How to Write an RFP to Secure an AV/Production Partner

Jaime Theresa Smith, CMP

National Account Manager

When I was a planner creating RFPs for my annual conference… yeah, I’m not going to do that to you as it’s been a minute. Fortunately, being on the receiving end of those RFPs for the past 9 years for AV/Production specifically, I can tell you, I’ve seen a lot. Some good, some bad, and some inspiring that bring me back to yes, my planning days with the possibility of getting the chance to work with fellow like-minded planners. Swoon!

What makes a bad RFP?

Now, when I say “bad”, it’s all relative, right? Well, yes and no.  The bad ones are the ones without details; ones that have been copied and pasted from last year’s RFP; or ones from the previous partner’s proposal or invoice with specific gear listed (of course without the costs associated). Please don’t do that to your potential future partner, who is only trying to meet your budget needs AND give you the end product you imagine.

The Key to Writing a Great RFP

I was intentional in adding “partner” to the title of this blog. If you are just looking for a quick quote to “get the bids”, I get it, and well… below will still help you in doing that without all the fuss and potential back and forth conversations or dare I say… ALL the emails. Many production companies, especially ChoiceLIVE, are out there to work with amazing clients, create amazing events, and in an amazingly enjoyable way… together, with you, our partner. I know… a lot of “amazing’s” in that previous sentence, but if we aren’t in it for the right reason… to enjoy creating memorable experiences for our attendees, what’s the point of what we are doing within this industry?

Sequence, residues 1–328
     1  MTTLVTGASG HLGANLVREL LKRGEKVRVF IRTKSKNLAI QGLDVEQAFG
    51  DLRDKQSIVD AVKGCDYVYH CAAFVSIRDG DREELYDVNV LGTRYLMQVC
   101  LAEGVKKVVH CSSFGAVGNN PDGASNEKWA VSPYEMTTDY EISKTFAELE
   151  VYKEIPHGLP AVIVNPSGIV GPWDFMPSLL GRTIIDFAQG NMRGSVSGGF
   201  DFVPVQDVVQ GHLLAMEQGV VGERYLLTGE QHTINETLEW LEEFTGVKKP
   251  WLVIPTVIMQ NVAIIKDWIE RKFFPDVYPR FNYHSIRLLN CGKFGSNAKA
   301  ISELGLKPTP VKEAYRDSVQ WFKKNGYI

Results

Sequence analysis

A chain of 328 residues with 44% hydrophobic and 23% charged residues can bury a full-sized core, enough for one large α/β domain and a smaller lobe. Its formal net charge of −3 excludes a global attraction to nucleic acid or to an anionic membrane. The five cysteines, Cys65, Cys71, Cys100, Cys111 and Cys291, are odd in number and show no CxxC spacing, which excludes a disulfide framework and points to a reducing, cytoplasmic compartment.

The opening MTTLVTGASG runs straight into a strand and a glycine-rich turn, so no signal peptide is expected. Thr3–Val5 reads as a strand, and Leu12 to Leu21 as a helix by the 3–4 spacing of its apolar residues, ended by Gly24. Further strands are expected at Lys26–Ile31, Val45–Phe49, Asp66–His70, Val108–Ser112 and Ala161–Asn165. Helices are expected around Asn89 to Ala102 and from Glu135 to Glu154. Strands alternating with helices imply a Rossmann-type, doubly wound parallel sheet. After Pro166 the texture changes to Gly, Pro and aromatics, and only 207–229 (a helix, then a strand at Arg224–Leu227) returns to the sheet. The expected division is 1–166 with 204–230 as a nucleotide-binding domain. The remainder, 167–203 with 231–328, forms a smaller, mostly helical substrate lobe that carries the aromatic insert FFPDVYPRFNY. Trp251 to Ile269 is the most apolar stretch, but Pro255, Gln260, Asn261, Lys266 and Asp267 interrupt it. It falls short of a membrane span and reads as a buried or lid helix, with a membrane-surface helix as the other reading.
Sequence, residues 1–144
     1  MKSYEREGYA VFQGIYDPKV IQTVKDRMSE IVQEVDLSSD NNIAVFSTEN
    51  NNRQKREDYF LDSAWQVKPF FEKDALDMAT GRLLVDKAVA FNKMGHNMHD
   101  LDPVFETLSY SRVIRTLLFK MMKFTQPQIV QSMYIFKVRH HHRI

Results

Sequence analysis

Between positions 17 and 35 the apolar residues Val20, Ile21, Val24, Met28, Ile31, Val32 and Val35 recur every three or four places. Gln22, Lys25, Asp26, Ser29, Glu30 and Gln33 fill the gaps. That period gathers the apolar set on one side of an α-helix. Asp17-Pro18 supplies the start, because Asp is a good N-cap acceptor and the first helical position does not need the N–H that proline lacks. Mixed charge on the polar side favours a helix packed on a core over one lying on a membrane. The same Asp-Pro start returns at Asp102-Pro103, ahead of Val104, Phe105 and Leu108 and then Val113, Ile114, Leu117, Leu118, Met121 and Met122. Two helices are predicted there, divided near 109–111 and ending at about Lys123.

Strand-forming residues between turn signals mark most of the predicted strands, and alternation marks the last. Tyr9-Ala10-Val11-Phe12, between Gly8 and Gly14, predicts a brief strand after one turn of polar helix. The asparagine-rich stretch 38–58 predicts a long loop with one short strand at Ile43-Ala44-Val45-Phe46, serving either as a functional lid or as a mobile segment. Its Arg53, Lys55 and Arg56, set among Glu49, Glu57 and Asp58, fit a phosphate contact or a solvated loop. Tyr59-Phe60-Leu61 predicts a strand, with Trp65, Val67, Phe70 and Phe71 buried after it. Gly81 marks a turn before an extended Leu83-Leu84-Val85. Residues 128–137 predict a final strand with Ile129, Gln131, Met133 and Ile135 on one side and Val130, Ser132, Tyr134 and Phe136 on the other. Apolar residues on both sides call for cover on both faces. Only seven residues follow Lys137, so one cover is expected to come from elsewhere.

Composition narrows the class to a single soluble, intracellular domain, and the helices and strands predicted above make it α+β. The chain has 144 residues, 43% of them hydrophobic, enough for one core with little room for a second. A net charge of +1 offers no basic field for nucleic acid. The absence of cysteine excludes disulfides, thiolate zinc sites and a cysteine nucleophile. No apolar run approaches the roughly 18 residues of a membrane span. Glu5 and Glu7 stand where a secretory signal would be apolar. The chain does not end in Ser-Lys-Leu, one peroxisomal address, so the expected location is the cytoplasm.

When writing your RFP, address the macro level first.  WHAT is your WHY for holding this event?

Step 1 for Creating a Great RFP – Identify your Project Goals

Start with that big picture! What do all your stakeholders hope to get out of this event?  Identifying your goals and communicating them to your AV/Production partner is going to help you achieve them.  Events are what we do.  It’s our lifeblood.  We’ve seen a lot of them and our experience with them is invaluable to you, but first, you must know why you are doing this event to determine how best to make it happen.

Step 2 for Creating a Great RFP – Narrow down your Candidates

Have that conversation with the AV/Production companies first.

The more you qualify your candidates up front, the less time you’ll have to spend in front of your computer narrowing them down later.  We suggest having a conversation with potential partners before sending them your RFP.  On the call, get a feel for their personalities (you’ll be spending a lot of time with them), learn their capabilities, and get a feel for their equipment inventory and processes.  If you decide that they’d be a good fit, allow them the opportunity to respond to your RFP.

Step 3 for Creating a Great RFP – Scope out the Details

The more information you are able to provide up front, the better. Your partner will be able to assess your needs, offer guidance on how to save in areas you weren’t expecting, and be that true partner throughout the process.

Remember Step 1: Project Goals… What is your overall goal for the event? Is it informative and data driven? That “we all must learn” this that and the other? Or is it more of a celebratory and social gathering? Have you done this event before? If so, do make sure and include past data, pictures, and information.